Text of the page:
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From: Glenn Schrader (gschrad_at_[hidden])
Date: 2007-07-23 09:24:55

Philippe Vaucher wrote:
> class but its useful to have timing that is synchronized across multiple
>> systems. This is essential for doing things like latency testing as well
>> as for many real-time applications. The typical approach is to use a GPS
>> time signal and an interface board in each system. This results in
>> system-to-system timing offsets of 10-20 uSec out-of-the-box. An a lot
>> better with a bit of tuning. The interface to these timing boards is
>> typically via a vendor supplied driver so it would be nice if there was
>> a spot in the timing class where an adapter could be written to handle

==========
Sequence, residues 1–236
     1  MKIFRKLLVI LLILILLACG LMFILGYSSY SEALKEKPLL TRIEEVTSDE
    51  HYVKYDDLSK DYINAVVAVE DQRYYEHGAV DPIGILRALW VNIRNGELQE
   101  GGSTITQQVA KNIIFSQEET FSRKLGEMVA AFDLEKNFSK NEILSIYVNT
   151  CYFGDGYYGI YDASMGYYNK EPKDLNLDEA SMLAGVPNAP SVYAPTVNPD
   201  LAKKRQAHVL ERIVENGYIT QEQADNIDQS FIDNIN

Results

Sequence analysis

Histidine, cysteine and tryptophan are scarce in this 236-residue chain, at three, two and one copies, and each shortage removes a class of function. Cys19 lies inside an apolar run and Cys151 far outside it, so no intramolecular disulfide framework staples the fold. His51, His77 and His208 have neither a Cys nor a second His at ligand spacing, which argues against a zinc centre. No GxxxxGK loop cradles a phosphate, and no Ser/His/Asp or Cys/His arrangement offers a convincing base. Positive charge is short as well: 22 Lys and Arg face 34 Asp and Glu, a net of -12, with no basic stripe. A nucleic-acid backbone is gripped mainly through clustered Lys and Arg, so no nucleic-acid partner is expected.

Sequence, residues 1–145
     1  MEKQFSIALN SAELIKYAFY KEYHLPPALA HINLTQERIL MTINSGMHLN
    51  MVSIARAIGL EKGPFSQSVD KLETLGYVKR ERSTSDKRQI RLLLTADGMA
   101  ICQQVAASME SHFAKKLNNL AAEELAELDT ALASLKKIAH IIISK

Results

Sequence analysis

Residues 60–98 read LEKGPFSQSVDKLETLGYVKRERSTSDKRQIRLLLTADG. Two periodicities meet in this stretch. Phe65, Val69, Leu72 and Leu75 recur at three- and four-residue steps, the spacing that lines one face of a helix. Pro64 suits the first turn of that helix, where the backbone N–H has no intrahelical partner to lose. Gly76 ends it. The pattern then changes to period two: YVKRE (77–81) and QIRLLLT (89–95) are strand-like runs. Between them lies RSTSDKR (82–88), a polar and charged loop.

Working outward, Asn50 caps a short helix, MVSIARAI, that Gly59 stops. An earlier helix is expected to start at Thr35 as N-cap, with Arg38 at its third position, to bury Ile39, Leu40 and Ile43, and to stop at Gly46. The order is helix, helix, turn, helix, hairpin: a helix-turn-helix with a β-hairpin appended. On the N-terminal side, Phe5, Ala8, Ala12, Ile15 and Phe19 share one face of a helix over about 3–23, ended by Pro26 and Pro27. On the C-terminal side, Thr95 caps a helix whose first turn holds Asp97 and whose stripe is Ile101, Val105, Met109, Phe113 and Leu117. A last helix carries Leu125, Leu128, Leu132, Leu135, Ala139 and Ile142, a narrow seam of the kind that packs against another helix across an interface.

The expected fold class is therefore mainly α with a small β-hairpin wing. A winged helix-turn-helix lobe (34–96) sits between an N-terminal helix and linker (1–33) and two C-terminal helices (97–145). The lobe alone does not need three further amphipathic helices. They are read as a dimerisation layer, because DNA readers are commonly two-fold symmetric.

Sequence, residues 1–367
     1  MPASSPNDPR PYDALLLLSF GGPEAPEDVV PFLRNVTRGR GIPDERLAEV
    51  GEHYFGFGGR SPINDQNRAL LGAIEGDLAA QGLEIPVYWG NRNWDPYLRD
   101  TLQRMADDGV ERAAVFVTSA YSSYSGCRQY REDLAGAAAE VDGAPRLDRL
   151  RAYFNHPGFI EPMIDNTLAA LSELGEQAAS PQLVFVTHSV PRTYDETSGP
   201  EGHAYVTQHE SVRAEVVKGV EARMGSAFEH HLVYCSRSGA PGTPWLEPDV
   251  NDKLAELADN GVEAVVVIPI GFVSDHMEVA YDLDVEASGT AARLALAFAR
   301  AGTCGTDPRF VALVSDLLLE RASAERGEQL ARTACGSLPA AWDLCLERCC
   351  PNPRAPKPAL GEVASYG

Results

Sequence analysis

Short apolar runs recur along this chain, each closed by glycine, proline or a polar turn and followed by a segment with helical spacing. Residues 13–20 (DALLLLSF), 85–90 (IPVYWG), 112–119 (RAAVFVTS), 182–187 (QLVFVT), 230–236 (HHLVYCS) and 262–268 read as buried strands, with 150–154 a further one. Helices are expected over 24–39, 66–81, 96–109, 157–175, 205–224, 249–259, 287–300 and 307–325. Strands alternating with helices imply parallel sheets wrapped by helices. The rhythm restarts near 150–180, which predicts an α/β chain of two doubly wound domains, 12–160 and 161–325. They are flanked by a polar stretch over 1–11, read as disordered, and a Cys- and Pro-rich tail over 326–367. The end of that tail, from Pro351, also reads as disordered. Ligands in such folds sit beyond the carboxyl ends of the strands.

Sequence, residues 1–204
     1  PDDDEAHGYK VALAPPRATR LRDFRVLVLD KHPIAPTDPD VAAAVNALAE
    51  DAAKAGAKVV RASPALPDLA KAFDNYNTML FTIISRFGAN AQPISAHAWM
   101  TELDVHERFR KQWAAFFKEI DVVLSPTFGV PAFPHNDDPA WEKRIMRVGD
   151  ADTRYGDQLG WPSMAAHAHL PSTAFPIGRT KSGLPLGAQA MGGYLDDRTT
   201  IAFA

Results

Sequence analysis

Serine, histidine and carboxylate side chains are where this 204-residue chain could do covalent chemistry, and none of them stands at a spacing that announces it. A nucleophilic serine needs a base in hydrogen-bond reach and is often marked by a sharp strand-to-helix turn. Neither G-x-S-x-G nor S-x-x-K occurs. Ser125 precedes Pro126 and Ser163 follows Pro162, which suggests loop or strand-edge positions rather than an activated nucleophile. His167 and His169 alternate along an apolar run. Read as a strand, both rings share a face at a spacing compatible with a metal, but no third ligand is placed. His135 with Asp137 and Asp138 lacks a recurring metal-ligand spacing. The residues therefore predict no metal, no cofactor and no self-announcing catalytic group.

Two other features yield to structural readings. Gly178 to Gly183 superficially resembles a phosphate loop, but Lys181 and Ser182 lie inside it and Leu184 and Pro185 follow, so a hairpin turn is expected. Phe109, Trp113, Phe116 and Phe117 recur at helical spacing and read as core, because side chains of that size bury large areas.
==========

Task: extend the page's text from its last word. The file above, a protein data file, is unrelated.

>> special cases like this.
> It's interesting but shouldn't be addressed by things like boost::ipc or
> boost::channel (which could use boost::timers for the implementation) ?
Not really. The fundamental problem that neither of these can address is
how to obtain time values that are synchronous across different machines
on a network. IPC just communicates between processes or threads on the
same machine so they are by definition using the same clock hardware and
can get accurate relative timings. IPC works fine for a single machine
but doesn't extend to multiple machines. The problem with boost::channel
is that even though messages can be sent between machines they can't be
used to accurately synchronize the clocks since their latency is both
unknown and varies with network load. Its better to get the time values
from clocks that have hardware allowing them synchronize to a common
super-accurate time reference. It would just be nice if boost::timers
could use such clocks if they are available.

Glenn Schrader - MIT Lincoln Lab

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